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Doherty welcomes removal of split mortgages from PTSB loan sale

16 May, 2018 - by Pearse Doherty TD

Sinn Féin Finance Spokesperson Pearse Doherty TD has welcomed the removal of 4,000 split mortgages from the sale by PTSB of thousands of its loans. He said it was proof that political pressure can bring about better results for mortgage holders but that serious questions remained about how Permanent TSB’s split mortgages fell afoul of the ECB rules, while those of other banks didn’t.

Deputy Doherty said:

“I am glad to see these 4,000 split mortgages removed. I reiterate my opposition to the sales process in totality especially the sale of any family homes to vultures. Political pressure has seen 4,000 removed, the rest should also be taken off the market and treated by the bank.

“Matt Carthy MEP and I will continue to question the ECB on its approach but it is clear to me that the root of this problem was Permanent TSB’s own split mortgage product design. Unlike AIB's product the ECB found fault with the Permanent TSB product deciding it should effectively count as a non-performing loan.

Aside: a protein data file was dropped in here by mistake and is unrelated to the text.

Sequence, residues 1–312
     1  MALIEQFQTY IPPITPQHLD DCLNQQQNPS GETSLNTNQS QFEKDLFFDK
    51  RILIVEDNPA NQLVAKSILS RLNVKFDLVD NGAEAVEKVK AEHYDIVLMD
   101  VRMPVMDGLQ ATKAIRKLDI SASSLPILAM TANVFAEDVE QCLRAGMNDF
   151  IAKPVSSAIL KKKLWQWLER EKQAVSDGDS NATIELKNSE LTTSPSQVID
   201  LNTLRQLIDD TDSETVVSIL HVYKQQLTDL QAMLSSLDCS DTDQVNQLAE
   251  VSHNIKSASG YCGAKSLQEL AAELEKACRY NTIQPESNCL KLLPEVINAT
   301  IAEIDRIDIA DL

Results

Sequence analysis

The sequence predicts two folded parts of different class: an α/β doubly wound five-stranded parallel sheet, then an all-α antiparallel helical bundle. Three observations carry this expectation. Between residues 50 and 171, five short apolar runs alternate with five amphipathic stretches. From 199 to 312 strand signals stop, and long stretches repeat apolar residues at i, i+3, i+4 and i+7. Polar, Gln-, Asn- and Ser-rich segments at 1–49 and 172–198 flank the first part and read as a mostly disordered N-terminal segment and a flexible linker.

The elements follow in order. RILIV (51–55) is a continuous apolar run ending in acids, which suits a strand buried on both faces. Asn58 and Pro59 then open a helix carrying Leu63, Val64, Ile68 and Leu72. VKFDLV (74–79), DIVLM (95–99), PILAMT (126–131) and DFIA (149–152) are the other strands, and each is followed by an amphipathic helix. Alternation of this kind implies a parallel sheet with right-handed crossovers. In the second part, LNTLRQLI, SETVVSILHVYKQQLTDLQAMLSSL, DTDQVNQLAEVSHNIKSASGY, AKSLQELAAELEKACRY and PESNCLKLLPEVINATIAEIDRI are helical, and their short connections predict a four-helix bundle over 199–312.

“My parliamentary questions about who provided technical or legal advice to PTSB on this product have been met with a wall of silence. That is unacceptable. Once again accountability seems out of reach.” 

Note: Please see the correspondence in relation to the split mortgages below

Pearse Doherty (Donegal, Sinn Fein)
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264. To ask the Minister for Finance if a bank (details supplied) received legal advice or technical assistance in the development of its split mortgage product; if so, the details of the advisers and fees paid; and if he will make a statement on the matter. [16119/18]

Paschal Donohoe (Dublin Central, Fine Gael)
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Officials in the Department of Finance referred the Deputy’s question to PTSB and received the following response in this regard:

“Permanent TSB has a requirement for legal/technical support and advice on an on-going basis across different parts of its business. It manages some of this requirement through its in-house capabilities, as well as engaging external legal and technical advice where necessary. Except where required by law or regulation, and in line with how it manages its relationships with its other third-party advisors, the bank does not disclose the identity of such firms or individuals engaged to work with the bank on specific issues or the terms of such work as this information is deemed commercially sensitive.”

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